There are several reasons people of my generation are looking to create additional income streams. Many millennials just aren't earning enough with their full-time job, and require a "side hustle" or two to supplement their income. The average starting salary for college graduates is $50,390 (but keep in mind that this is the average. The salary for an entry-level job in America can be as low as $35,000). If that's your income and you want to own property or have children someday (not to mention pay off those student loans), you're going to need to get fiscally creative.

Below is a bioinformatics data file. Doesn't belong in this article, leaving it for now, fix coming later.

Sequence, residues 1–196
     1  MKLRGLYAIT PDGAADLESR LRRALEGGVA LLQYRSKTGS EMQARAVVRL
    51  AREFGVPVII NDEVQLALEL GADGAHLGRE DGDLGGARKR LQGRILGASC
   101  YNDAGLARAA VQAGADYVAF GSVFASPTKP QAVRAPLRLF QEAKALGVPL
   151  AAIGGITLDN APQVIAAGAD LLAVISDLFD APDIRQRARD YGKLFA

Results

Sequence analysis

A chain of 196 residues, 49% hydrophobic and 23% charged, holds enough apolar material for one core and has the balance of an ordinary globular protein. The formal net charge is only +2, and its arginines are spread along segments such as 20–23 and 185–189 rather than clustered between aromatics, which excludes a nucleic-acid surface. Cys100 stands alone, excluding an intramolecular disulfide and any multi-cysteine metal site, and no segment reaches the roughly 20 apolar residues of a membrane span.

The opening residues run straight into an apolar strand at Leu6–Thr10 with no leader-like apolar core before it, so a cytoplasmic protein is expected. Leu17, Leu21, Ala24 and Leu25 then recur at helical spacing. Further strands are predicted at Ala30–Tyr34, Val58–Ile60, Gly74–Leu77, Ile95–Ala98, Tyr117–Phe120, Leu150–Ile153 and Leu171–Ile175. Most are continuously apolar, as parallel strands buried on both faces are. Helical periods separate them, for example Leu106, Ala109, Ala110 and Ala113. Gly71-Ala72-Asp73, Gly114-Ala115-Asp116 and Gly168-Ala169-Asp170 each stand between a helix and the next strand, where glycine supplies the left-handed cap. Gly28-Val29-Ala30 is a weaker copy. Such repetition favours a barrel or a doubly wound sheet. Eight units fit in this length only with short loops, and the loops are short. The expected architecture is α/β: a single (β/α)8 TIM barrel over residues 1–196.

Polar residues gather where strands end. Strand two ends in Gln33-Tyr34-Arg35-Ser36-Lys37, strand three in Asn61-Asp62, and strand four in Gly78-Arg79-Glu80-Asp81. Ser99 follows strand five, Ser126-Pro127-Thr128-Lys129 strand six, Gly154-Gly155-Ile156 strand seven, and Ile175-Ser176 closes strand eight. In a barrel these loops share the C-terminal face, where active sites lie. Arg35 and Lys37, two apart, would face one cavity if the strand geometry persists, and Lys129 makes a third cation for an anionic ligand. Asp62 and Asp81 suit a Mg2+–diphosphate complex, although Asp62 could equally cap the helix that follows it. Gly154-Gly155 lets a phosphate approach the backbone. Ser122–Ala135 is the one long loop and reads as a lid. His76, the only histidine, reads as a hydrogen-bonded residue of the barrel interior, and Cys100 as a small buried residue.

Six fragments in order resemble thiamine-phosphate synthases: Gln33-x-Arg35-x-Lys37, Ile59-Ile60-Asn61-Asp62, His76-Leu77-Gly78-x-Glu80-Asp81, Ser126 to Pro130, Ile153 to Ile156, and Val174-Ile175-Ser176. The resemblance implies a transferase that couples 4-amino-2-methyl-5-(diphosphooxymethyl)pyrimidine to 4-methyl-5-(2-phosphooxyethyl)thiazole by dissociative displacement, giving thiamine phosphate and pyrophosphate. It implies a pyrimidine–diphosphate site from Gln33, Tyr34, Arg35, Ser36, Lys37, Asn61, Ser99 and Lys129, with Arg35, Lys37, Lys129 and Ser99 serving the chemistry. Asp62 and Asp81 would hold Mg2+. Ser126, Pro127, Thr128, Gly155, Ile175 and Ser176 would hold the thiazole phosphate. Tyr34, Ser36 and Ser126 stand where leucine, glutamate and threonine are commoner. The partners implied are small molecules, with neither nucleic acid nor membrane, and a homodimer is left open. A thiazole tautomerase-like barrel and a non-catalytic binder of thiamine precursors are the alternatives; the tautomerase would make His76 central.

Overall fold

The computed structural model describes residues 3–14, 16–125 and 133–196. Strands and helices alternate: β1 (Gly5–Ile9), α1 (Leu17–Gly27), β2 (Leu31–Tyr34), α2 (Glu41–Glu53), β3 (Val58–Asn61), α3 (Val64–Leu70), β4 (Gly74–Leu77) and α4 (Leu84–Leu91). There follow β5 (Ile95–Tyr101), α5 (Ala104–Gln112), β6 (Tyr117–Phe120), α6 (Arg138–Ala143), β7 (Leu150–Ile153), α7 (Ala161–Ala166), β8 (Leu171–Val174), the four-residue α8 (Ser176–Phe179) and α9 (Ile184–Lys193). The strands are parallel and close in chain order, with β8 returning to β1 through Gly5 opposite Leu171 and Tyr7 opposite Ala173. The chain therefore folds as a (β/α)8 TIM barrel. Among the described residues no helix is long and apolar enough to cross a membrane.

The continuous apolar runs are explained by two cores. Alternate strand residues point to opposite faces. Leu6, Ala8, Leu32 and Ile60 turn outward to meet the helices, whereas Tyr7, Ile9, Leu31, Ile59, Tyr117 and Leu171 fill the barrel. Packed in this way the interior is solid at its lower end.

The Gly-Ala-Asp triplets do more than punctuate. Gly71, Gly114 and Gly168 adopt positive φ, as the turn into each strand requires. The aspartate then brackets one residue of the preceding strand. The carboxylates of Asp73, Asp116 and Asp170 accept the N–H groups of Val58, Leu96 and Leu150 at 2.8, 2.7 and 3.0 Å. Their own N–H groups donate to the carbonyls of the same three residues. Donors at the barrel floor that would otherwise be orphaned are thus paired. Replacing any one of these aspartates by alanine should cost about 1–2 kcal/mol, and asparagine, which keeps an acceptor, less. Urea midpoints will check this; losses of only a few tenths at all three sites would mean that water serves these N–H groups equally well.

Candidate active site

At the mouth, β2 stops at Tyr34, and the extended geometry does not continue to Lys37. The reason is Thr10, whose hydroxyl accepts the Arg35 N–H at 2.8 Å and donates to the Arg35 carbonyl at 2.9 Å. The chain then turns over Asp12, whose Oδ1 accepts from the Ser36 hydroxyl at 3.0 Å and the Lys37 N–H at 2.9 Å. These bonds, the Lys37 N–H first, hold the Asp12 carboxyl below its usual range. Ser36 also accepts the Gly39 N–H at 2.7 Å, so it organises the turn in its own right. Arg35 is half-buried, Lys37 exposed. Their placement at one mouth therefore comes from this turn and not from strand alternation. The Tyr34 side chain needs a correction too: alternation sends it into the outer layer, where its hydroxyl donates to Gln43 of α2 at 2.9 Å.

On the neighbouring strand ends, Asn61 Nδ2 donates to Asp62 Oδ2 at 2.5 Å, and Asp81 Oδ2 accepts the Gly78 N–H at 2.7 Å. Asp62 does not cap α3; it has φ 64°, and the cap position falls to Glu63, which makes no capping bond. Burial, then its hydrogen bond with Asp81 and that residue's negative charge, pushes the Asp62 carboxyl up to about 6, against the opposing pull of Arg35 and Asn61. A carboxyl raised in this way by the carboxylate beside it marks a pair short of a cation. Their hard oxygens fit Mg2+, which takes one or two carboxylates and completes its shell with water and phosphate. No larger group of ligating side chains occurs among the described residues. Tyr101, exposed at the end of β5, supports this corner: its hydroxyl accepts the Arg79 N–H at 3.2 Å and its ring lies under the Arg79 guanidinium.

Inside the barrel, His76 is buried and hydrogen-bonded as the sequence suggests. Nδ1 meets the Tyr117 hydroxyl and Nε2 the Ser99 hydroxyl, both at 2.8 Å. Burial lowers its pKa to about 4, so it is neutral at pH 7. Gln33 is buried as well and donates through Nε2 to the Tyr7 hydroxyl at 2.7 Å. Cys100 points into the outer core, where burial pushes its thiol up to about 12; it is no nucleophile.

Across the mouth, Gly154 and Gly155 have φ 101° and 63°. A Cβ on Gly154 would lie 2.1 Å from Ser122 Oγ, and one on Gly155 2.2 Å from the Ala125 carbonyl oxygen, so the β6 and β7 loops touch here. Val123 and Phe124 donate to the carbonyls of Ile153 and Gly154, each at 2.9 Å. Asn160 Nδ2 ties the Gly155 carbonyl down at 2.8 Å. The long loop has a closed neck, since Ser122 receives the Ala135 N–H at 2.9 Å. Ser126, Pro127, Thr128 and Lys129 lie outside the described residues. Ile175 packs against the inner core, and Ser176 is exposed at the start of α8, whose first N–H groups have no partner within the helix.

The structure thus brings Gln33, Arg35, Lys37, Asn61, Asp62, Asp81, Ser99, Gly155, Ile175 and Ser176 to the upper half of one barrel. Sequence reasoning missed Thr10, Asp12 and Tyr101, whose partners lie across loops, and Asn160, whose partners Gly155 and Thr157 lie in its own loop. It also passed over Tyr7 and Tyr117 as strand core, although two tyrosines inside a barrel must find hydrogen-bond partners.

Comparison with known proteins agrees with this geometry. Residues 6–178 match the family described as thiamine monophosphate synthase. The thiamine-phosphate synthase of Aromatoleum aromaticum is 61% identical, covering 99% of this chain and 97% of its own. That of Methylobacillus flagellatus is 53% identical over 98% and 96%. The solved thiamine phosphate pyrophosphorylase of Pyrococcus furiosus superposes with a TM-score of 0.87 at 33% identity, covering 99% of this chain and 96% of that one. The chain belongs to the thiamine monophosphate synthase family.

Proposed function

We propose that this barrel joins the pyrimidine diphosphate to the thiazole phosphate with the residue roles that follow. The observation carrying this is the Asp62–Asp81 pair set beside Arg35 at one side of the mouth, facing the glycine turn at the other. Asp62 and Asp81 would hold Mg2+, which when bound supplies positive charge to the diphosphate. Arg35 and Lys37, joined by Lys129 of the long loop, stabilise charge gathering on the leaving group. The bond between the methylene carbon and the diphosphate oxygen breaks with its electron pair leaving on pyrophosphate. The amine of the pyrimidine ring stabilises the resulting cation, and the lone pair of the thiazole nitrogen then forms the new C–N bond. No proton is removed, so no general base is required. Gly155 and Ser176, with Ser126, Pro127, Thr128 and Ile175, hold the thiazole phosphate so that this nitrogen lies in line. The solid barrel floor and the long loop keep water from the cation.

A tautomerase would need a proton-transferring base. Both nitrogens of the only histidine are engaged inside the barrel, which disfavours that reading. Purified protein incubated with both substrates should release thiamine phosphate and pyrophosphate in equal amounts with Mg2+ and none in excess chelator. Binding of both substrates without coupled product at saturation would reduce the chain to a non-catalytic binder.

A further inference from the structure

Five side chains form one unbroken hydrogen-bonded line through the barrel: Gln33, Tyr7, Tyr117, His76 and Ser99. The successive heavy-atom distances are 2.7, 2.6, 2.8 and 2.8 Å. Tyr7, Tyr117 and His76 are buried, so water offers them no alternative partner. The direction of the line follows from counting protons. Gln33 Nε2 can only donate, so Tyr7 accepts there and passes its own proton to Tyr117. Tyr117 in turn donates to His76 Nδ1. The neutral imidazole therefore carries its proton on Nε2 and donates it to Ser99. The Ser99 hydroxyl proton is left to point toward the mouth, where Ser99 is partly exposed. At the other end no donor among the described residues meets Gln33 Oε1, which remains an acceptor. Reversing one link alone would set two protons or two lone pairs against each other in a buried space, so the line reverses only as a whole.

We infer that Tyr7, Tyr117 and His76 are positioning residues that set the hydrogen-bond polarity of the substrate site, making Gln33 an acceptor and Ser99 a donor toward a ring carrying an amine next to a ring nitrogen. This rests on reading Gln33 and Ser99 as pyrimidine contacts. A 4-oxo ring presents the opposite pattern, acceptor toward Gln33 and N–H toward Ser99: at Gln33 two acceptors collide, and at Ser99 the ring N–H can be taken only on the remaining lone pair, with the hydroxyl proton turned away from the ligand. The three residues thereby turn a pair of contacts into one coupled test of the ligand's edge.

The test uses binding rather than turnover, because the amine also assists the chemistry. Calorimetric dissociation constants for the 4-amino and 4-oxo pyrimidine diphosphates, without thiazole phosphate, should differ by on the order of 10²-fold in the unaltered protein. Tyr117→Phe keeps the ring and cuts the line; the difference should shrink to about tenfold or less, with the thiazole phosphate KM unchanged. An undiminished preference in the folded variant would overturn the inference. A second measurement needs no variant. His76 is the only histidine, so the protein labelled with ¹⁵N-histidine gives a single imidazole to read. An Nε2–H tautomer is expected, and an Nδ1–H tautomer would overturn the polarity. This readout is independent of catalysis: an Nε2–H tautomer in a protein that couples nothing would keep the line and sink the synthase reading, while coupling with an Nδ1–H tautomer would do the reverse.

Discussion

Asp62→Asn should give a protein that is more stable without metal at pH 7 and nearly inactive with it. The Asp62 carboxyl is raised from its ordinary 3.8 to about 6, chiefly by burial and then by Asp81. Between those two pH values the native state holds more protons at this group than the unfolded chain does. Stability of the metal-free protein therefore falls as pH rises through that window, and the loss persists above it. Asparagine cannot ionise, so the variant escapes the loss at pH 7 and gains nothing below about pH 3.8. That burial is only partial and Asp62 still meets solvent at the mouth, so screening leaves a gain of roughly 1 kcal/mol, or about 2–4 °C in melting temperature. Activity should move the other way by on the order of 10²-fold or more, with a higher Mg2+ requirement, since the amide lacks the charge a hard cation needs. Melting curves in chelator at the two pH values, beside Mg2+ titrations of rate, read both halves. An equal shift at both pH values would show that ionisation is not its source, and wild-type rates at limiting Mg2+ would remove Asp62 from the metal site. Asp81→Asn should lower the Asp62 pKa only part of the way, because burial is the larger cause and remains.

Regardless of their current salary, many millennials see an enormous potential for new and unconventional ways to earn. Thousands of people have already taken advantage of creating passive income streams or working online and have broken out of the 9-to-5 loop. You've likely seen people on social media who constantly travel or spend unlimited amounts of time doing what they love or with their loved ones — and who wouldn't want that for themselves?

But is all that really possible? It sounds too good to be true. It seems much safer to do what our parents did: work 40-45 hours a week, take a week-long vacation once a year, and retire in 40 years with a ripe 401k. You might be thinking that millennials are so entitled to believe they shouldn't have to work hard like their parents. But let me explain.